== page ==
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Quebec Court of Common Pleas (1764-1775)

 

Dates

  • Existence: 1764 - 1775

A Court of Common Pleas for the province was established in Quebec by the 1764 ordinance setting up the courts. The Court had jurisdiction over civil matters involving sums over £St10. Although the Court was based on the English court of the same name, unlike the latter it tried in practice most cases under its theoretical jurisdiction, apart from those tried by the Court of King's Bench. Cases in the Courts were to be determined according to equity, with regard to the laws of England; in practice, however, the Courts applied pre-Conquest French law in cases involving French-Canadians. In 1770, with the revocation of the civil jurisdiction of the Justices of the Peace, the Court was divided into two separate Courts for the Districts of Quebec and Montreal respectively, each with jurisdiction over all civil matters arising within its district. The Courts were abolished with the rest of the existing court system as of May 1, 1775 by the Quebec Ac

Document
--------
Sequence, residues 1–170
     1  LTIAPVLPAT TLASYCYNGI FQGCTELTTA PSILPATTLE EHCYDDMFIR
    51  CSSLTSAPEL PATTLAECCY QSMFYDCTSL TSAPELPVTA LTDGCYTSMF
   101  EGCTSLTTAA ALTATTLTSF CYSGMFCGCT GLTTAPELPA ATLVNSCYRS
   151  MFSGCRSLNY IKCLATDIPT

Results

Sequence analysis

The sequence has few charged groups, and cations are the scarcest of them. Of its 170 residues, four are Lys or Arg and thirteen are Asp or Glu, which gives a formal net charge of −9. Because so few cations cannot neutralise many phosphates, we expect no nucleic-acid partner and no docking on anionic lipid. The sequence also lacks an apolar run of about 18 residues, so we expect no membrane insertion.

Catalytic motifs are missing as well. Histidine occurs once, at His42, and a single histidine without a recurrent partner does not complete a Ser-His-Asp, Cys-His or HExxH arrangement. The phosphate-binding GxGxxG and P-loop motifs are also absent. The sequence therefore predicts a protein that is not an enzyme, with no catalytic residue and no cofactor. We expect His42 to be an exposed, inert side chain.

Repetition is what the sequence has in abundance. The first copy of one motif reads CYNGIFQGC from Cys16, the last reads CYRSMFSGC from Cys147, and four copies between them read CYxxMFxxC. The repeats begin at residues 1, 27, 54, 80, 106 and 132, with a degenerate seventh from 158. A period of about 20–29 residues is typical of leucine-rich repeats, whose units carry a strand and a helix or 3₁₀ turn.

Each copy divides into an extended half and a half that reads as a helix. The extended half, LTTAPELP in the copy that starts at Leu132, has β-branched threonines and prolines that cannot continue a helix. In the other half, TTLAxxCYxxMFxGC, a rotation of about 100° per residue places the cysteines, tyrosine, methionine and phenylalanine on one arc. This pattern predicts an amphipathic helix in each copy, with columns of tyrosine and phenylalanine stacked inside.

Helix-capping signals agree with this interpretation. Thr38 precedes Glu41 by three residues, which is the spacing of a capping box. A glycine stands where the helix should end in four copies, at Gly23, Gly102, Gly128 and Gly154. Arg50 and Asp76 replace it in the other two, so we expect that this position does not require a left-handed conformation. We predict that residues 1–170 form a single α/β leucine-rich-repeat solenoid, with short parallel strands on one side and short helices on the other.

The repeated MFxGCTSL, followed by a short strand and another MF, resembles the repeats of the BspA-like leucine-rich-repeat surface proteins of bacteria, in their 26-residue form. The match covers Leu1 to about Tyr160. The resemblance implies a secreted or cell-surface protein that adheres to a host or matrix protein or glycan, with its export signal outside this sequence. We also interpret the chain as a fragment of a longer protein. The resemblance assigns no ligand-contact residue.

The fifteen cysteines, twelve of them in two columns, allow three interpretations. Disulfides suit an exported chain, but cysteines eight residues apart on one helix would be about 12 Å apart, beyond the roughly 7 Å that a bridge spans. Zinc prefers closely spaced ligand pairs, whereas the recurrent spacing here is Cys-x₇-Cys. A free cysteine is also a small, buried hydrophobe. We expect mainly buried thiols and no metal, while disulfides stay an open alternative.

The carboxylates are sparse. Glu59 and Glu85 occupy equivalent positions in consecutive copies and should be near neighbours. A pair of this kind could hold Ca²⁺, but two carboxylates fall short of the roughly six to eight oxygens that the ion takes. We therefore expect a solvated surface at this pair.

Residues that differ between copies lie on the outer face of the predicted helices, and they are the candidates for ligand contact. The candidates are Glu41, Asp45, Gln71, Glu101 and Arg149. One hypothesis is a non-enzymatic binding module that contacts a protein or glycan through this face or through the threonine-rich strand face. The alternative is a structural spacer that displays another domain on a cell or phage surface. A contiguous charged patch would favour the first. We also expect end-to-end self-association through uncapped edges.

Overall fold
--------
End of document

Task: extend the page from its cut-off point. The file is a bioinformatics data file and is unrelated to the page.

Found in 1 Collection or Record:

Court of Common Pleas Jury empanelment

Mss 766259.1
 Collection
Identifier: Mss 766259.1
Scope and Contents Order by the Quebec Province Court of Common Pleas to the Provost of Quebec to empanel a jury to hear a case before the Court of Common Pleas.